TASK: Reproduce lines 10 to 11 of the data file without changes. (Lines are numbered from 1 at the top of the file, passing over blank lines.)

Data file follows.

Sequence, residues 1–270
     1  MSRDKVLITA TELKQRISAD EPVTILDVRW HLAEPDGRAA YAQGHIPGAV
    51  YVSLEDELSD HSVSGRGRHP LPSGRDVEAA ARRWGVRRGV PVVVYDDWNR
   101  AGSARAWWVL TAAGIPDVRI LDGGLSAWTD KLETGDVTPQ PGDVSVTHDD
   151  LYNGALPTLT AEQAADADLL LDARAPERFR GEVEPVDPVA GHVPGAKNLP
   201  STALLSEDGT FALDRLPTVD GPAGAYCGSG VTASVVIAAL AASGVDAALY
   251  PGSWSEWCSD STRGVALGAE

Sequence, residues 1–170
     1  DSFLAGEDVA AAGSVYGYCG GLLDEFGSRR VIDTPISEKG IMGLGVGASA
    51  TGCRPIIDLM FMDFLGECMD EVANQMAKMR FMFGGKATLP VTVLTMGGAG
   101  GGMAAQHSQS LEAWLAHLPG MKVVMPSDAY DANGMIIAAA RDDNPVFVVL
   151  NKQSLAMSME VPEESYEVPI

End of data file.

    51  TGCRPIIDLM FMDFLGECMD EVANQMAKMR FMFGGKATLP VTVLTMGGAG
   101  GGMAAQHSQS LEAWLAHLPG MKVVMPSDAY DANGMIIAAA RDDNPVFVVL